By Nate Plautz
Communications Consultant

June 10, 2024

What is a special interest group?

A “special interest group” is a vague label for a pretty straightforward term: A special interest group is an organization of people or entities that share a common interest or goal.  

Special interest groups coordinate their collective resources to influence government priorities, laws, and regulations. They often lobby elected officials and other government decision-makers to shape policies and advance their agendas.

Are special interest groups bad?

Not inherently. Even anti-corruption nonprofits like RepresentUs could be classified as special interest groups. However, in our broken political system, the groups with the deepest pockets usually influence government the most.

Special interest groups – like lobbying and political campaign contributions – are a natural byproduct of a representative democracy. These are avenues for everyday Americans to advance their interests. The problem is when special interest groups, lobbying, or campaign contributions create an imbalance whereby one group purchases outsized influence that drowns out the broader public interest.

How do special interest groups influence government?

If a special interest group has the funds, they can legally spend almost unlimited amounts to exert undue influence. One example is the powerful pharmaceutical and health products industry, known by many as “Big Pharma.” Open Secrets reported that Big Pharma employed 1,854 lobbyists and spent over $382 million lobbying the federal government for their interests in 2023. The industry has purchased powerful access that enables American pharmaceutical companies to safeguard profits at the expense of everyday Americans.

There are 12,112 federal lobbyists. That's more than 22 registered lobbyists for each member of Congress.

How do special interest groups influence elections?

Special interest group influence isn’t limited to lobbying. When the Supreme Court determined that corporate campaign contributions should be classified as “free speech,” the court’s Citizens United ruling opened the floodgates to special interest group political spending. The same Citizens United ruling also weakened financial disclosure laws, giving rise to secretly-funded dark money groups called “Super PACs.” And though super PACs are technically required to disclose their donors, many avoid the requirement by raising money via other groups that aren’t required to disclose their donors.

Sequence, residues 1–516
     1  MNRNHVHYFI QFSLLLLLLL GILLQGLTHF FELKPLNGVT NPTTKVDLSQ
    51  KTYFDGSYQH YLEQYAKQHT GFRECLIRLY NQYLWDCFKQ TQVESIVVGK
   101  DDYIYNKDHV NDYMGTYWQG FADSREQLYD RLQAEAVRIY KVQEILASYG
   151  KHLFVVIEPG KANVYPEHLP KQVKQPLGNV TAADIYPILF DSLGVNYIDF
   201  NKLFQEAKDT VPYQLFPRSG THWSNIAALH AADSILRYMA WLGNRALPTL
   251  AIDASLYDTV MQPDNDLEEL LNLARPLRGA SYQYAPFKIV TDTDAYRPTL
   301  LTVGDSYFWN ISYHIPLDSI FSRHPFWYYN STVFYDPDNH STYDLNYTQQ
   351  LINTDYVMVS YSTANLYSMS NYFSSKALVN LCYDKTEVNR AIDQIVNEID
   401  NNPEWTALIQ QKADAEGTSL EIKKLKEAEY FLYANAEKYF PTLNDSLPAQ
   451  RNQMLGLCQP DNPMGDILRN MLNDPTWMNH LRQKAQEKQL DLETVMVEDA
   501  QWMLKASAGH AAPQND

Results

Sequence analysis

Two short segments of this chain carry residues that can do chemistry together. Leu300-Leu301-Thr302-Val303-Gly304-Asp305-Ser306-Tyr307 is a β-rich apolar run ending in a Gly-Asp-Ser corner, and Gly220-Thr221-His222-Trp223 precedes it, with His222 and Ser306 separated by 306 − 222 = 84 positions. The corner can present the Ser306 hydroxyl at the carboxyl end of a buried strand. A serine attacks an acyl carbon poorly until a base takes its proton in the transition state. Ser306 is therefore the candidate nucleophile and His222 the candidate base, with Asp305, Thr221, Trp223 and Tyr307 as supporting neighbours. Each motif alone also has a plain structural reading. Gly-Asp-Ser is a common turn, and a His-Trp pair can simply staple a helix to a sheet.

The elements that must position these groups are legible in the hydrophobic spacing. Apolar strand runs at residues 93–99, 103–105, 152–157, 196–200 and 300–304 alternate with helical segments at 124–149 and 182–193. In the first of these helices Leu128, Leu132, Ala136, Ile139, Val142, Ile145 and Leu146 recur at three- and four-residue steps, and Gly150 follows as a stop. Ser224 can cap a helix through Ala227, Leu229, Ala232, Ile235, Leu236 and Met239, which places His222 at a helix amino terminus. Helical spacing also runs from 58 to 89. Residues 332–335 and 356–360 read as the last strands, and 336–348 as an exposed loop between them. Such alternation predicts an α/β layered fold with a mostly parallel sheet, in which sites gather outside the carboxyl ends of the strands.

These special interest group super PACs aren’t just propping up candidates that already support their causes; their purchasing power is prompting candidates to demonstrate allegiance to these causes. This election cycle, a group of super PACs supported by the cryptocurrency industry announced plans to spend more than $80 million to support candidates who signal their support for the industry. And when that group of pro-cryptocurrency Super PACs indicated they would spend heavily in Maryland’s U.S. Senate primary, Politico recently reported that both leading candidates were quick to express their support for cryptocurrency.

Is there a special interest group for the rest of us?

A comprehensive Princeton and Northwestern study found that the opinions of 90% of Americans have essentially no impact on public policy. Researchers found that most of us have no influence on policy because money has drowned out the voices of everyday Americans. 

While most special interest groups are spending eye-watering sums to promote policies with near-zero public support, RepresentUs is fighting for the common sense anti-corruption policies that most Americans support… yet Congress always seems to ignore. 

We’re building momentum for meaningful and systemic change by bringing together Americans from across the country and the political spectrum. And we’re building our own “special interest group” to hold our elected representatives accountable to “We the people.” Will you join us?

RepresentUs is America’s leading anti-corruption organization working city-by-city, state-by-state to fix our broken political system.